I’ve got to admit it that Rob Ford knows how to stay at the top of the news. Even Americans living in the state of Mississippi—who would be hard pressed to name even the Prime Minister of Canada—can readily tell you who is the current mayor of Toronto. And when it comes to the BBC’s world report, in their editorial judgment the political theatre swirling about Rob Ford is the ONLY news currently worth reporting from otherwise boring Canada. Ford seems to be in a class all by himself in the Great White North.
Christie Blatchford, a columnist for the National Post newspaper noted in her recent opinion piece (“Rob Ford’s downfall leaves sobering questions about Toronto police probe,” Nov, 14, 2013) that after five months of a high level, high intensity, heavy manpower investigation into the “Ford-mess,” the Toronto police still haven’t come up with enough evidence to lay charges against the controversial mayor.
Nevertheless, Ford has been “tried” in the court of public opinion as well as that of the Toronto city council and been found guilty of being “not worthy”—not worthy of defending, not worthy of being give the benefit of the doubt, and not worthy of a second chance.
It is fortunate for Rob Ford that the Toronto city council don’t have a guillotine set up out in city hall’s basement otherwise he’d certain lose his head—though, metaphorically speaking, he may have lost it already. Anywise, the honourable Toronto councilors are going to have to settle with stripping Rob Ford of as much of his power as legally possible and publicly humiliating him whenever the occasion so presents. Maybe they could bring back the stocks and pillory just for Rob Ford?
Some also argue that there needs to be a new law passed to allow the city council to depose any future mayor like Rob Ford. But others say why bother. They see the Rob Ford “Reality Show” as a single season flop, a unique “Ford-mess” unlikely to ever be seen again.
But the fact of the matter is, Mayor Rob Ford’s addiction problem—the drug use, the alcohol abuse—is far from uncommon either in Canada, or the rest of the world. Canada’s Temperance Foundation has been advertising in our local paper for the last week or so that at least 80 percent of the prisoners locked up in Canada’s federal “corrections” system are there because of substance abuse.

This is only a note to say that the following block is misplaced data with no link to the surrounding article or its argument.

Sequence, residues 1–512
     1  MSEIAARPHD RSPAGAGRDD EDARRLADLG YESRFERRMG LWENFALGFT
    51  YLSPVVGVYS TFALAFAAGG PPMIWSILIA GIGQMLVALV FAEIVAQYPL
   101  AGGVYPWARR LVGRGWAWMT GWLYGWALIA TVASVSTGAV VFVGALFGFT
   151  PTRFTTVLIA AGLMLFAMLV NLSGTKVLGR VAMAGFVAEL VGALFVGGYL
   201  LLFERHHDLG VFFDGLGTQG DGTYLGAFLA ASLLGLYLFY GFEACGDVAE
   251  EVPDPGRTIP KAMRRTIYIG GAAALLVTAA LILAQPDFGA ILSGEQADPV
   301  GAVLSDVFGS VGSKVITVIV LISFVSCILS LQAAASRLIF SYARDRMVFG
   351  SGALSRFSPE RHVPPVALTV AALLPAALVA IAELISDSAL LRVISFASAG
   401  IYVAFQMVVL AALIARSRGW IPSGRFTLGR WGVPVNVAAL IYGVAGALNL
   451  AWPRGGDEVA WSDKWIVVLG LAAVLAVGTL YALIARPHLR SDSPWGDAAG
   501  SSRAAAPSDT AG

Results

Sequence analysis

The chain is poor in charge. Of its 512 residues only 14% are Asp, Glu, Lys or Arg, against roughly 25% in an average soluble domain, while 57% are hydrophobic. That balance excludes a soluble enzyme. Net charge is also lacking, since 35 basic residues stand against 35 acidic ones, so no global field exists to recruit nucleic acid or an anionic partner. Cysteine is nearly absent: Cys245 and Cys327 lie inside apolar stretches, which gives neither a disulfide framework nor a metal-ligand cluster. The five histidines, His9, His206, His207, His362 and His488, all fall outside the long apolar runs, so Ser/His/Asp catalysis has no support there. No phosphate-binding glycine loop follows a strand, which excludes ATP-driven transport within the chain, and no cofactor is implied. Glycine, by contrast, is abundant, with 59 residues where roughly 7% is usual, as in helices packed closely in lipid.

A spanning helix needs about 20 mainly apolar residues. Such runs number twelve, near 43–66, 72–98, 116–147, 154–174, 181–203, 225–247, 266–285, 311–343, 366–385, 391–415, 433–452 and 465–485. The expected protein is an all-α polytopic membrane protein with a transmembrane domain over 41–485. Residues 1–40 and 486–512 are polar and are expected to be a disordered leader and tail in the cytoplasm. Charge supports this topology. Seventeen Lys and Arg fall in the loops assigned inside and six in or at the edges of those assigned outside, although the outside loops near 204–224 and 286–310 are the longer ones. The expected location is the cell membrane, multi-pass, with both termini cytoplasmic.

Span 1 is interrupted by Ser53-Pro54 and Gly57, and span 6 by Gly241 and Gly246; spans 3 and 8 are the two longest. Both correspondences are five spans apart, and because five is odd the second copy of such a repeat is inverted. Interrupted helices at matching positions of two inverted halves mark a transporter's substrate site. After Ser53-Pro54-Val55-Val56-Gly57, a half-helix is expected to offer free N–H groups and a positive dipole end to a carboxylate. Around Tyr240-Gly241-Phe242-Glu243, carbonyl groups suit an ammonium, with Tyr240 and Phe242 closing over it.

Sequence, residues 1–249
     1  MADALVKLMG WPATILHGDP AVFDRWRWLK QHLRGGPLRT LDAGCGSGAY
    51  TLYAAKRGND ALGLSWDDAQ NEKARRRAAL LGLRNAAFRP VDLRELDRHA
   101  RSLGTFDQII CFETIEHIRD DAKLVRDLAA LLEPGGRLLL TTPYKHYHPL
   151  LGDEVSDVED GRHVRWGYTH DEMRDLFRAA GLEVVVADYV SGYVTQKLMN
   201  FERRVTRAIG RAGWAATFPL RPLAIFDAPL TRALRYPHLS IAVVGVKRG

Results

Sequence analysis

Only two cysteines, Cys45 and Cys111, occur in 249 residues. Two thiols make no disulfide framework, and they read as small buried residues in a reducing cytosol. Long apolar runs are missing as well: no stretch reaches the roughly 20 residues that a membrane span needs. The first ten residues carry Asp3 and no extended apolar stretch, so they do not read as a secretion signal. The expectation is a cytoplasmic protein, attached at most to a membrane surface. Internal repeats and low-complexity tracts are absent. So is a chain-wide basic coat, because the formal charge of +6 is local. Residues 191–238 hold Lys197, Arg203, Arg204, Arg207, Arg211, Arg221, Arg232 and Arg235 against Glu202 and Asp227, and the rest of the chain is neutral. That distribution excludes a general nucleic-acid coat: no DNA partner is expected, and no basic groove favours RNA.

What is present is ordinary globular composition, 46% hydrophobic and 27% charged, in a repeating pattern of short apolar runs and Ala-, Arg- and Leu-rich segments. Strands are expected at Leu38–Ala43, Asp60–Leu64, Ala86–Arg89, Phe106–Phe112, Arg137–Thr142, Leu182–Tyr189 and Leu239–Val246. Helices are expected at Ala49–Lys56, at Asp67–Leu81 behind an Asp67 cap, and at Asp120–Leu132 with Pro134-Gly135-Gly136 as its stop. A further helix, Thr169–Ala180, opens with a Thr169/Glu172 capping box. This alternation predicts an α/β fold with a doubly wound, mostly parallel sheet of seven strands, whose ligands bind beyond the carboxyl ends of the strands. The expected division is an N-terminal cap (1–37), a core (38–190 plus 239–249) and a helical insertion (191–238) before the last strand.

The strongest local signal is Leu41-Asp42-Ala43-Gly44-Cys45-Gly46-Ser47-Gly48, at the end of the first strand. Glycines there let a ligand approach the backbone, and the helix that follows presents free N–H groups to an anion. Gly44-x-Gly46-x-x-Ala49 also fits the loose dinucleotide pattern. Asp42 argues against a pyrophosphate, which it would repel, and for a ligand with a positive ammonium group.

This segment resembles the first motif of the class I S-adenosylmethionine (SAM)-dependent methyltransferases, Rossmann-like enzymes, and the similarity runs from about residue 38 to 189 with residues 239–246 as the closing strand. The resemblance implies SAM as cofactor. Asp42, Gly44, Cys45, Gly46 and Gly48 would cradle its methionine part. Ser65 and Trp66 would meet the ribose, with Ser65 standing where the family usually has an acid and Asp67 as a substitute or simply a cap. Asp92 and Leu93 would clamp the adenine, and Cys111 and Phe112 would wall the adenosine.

Marshall Smith, community relations manager for the Cedars of Cobble Hill Society, a non-profit addiction recovery group here on Vancouver Island, noted that about “4.9 million Canadians are in either short-term or long-term recovery from addictions” (Times-Colonists, “Ford’s battle is all too familiar,” Nov. 14, 2013.
The medical field views addiction as a medical problem like cancer. But that’s not the way most people viscerally react to someone who is discovered with an addiction. Most people when confronted by a person with an addiction, according to Marshall Smith, react with a combination of embarrassment, denial, and alienation.
Why? Well, people who are addicted DO things that hurt many other people including those closest to them as well as themselves. Lying, stealing, abusive language, driving while intoxicated, sexual immorality: all such behaviours are commonplace for those caught up in addiction’s vice-grip. Of course such bad behaviours are indeed unacceptable and unambiguously wrong. But they’re just symptoms of the deeper unseen problem, which is a sickness of the soul. It is this sickness of the soul that drives the addiction.
Your average secular treatment program focuses mostly on the physical, trying to mute the physical cravings of addicting drugs. Oh yes, they’ll also throw in some counseling and a strong dose of positive thinking in an effort to inoculate a raised sense of self-esteem and some self-discipline. There’s nothing wrong with that. But the best addiction treatments programs—mostly in longer-term therapeutic communities—understand that they must somehow address the spiritual component of the addiction sickness as well. Only then can the addicted find real peace and the strength to start a new life. And the best way to start a new life is by including a strong focus on the spiritual needs in addition to the material needs. As the Scriptures state:
Those who live following their ·sinful selves think only about things that their sinful selves [their carnal human nature] want. But those who live following the Spirit are thinking about the things the Spirit wants them to do. If people’s ·thinking is controlled by the ·sinful self [human lusts], ·there is [the result is] death. But if their ·thinking is controlled by [or outlook/mind is set on] the Spirit, ·there is [the result is] life and peace. Roman 8:5-6 Expand Bible, edits mine.
Rob Ford is saying now that he is seeking medical help. But if he really wants to deal with the sickness of his soul, the sickness that is infecting the very core of his being, then he must seek spiritual help in order to discover the peace that passes all understanding. This peace can only come through the God of the Bible.